Wednesday, 6 November 2019

A Bit Chile on the Beach this evening

Having sort of said I'd publish my 1879 Pacific War rules, hot on the heels of "To Ur is Human", (or maybe not, - I've another book to write first) I thought it might be best to drag the rules out and play a few games with them.

I decided to mix it up a bit and do a Chilean beach landing. The basic briefing was that, unable to force the main harbour at Lima, the Chileans had gone further north, and landed two divisions on a beach. That's the area between the blue bit and the coastal highway. The area is defended by a small, walled, town, protected by a couple of haciendas with hastily thrown up adobe walls, together with some improvised defences protecting the road. How the Chileans had managed to get two divisions ashore without being molested is a mystery to all of us.

The small, walled, town was made up of European Spanish buildings and walls that once graced a Chinese walled garden. Peruvian buildings of the period tend to be not so tall on account of the earthquakes. But it still looks great.

Tim surged up the beach and across the Esplanade.

Richard did the same.

Tim deployed into Open Order, better to survive the rifle fire coming from the red hacienda.

Tim was also threatening my centre. He was being hit by my defensive fire, but he came on like nothing was affecting him.

Braving the point blank artillery fire, Tim rushed the emplacement. The hand to hand over the adobe wall was brutal and hard fought.

Richard drove off the infantry defending the yellow hacienda, but the Gatling Gun crew were made of sterner stuff.

The Chileans are just unable to close, as the Gatling handles are turned, and the barrels glow red hot (query, - if you roll 3 x 1 on d8s, does that meant the Gatling has jammed???).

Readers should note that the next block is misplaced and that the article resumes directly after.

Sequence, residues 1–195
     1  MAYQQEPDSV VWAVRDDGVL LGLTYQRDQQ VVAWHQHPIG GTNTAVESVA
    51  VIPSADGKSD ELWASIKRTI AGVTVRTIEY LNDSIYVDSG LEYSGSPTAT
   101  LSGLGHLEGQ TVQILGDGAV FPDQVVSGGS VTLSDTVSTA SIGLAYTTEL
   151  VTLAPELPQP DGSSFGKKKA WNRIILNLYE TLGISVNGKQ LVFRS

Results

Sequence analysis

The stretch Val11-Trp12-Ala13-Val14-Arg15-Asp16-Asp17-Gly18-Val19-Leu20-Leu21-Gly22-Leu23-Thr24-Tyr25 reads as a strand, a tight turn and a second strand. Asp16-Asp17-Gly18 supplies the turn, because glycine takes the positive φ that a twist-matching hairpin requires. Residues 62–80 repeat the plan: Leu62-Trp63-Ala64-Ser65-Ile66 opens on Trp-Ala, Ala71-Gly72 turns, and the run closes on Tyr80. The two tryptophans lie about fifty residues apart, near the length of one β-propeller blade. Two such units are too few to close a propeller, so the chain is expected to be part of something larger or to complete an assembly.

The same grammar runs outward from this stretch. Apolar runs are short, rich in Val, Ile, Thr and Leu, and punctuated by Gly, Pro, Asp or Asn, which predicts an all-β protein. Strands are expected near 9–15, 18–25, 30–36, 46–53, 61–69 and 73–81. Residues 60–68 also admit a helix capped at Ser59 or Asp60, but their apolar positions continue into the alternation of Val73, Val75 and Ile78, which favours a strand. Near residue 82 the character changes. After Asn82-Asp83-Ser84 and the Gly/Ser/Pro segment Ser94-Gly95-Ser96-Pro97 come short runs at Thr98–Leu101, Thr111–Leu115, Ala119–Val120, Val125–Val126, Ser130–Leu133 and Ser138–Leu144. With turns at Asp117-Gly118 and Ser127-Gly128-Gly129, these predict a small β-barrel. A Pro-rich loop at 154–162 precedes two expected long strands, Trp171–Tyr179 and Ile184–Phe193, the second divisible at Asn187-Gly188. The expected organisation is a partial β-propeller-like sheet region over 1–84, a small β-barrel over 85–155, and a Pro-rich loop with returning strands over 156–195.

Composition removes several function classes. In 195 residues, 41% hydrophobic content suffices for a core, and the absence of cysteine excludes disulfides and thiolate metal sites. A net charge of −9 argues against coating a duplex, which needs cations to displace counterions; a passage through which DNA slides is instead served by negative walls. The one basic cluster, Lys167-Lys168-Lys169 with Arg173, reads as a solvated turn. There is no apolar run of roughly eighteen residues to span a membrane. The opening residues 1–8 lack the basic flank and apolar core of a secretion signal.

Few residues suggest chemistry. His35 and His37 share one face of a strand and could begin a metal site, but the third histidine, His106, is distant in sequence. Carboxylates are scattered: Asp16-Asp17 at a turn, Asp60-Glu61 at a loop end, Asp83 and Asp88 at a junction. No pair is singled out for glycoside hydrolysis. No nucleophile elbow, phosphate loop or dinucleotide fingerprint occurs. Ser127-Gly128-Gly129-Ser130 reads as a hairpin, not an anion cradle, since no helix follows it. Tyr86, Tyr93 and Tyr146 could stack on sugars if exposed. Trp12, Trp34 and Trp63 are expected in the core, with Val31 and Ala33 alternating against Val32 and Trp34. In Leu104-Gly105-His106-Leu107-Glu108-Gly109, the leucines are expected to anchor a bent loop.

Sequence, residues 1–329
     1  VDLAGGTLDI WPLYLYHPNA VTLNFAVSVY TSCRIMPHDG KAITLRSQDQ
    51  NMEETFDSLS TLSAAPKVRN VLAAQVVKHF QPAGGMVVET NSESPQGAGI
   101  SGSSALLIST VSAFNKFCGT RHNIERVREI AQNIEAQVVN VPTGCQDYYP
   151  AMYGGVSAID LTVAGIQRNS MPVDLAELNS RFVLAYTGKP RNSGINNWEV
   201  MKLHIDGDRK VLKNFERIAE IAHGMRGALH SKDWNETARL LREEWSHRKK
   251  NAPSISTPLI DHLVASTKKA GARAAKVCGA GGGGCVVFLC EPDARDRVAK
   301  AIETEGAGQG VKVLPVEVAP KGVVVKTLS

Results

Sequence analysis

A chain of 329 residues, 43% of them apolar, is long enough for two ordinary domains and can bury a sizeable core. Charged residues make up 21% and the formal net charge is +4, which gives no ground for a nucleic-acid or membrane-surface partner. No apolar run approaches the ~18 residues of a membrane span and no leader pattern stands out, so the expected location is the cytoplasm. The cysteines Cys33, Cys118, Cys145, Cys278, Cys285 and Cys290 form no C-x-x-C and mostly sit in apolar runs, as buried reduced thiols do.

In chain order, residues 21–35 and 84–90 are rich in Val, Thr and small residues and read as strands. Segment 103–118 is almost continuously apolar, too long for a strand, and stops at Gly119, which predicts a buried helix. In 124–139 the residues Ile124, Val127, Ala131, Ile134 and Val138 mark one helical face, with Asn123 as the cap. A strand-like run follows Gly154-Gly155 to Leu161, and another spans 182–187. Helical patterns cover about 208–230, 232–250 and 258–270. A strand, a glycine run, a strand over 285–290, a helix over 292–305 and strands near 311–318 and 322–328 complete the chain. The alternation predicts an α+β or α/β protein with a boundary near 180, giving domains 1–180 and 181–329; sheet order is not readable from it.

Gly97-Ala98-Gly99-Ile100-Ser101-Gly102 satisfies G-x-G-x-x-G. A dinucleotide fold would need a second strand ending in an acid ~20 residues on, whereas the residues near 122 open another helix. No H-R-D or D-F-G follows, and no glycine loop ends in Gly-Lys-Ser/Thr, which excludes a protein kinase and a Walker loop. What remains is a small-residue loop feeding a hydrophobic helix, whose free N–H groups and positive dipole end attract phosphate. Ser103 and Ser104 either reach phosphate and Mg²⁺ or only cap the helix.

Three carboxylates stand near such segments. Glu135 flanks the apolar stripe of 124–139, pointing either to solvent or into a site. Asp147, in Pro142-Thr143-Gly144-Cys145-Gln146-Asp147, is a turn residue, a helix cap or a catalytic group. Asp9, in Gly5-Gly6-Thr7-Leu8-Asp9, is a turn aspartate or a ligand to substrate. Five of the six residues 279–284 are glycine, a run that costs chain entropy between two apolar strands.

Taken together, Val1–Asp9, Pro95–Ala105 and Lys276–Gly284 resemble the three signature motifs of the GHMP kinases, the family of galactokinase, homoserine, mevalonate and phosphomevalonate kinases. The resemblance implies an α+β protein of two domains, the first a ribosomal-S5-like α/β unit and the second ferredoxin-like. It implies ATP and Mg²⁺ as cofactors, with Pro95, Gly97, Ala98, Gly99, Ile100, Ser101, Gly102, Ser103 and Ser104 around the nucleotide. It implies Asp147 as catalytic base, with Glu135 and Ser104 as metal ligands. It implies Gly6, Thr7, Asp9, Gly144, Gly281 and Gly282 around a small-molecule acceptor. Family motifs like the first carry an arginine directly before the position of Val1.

My artillery are overrun, and my other central battalion fails to deter its opponents with fire, and is driven back by an attack column. I fear equipping the defenders with the cheapest firearms money can buy might have been a false economy.

Disaster! The Peruvians are driven out of their defensive position, and brave Colonel Bolognesi is killed.

By now Phil had arrived, quite literally with the cavalry, and charged one of my other retiring units in the flank.

Finally the brave defenders of the yellow hacienda were overwhelmed from all sides and killed to a man at their Gatling Guns.

Pretty soon the defenders of the Red hacienda had suffered the same fate, and it was all up for the Peruvians.

Quite a handy introduction to the players, and a good work out for the changes I made after the last game. I did a lot of work on the defence and attacking of buildings and that is shaping up nicely. I also made notes elsewhere in places where the text wasn't as clear as I would have liked. Most of the wording will need a complete re-write when I go to publish, taking out my truncated sentences and abbreviated wording.


  1. Trebian,

    I'm looking forward to seeing the finished, published rules ... which I will of course buy and feature on my blog!

    Having fought the Battle of Angamos many times, I particularly enjoy the naval aspects of the War of the Pacific (what a wonderfully inappropriate name for a conflict!), and might well be tempted to get my models out of storage and onto the tabletop.

    All the best,


    1. Bob,

      Don't hold your breath. It's touch and go whether they'll be at COW 2020. I'm pondering the Naval War as well. I have the ships and Ian Drury's rules, which I have started to play around with.

      I want this set of rules to be more of a wargamers' guide to the War as well, so I need to assemble appropriate maps and text for that, too. And do army lists. I've been castigated for not putting army lists in "To Ur is Human", as well as being told there's no point in buying them if you already own "Developing the Portable Wargame".

      Funny old world, isn't it?


  2. Looking good, Graham.

    Regards, Chris

    1. It has a nice look to it. Can't beat the red kepi.

  3. Trebian,
    Count me as a buyer for the 'It ain't 'arf Chile, Mum' (sorry - forgot your working title) when it gets published. I enjoyed this action, and it may well lead to a resurgence of my Gatonegro Wars of Independence...

    1. As I've said to Bob, don't put off other projects in anticipation of publication. And they're called "It's getting a bit Chile". Because Chile is taking places over. So they are getting Chile.

      I might have laboured this point to much.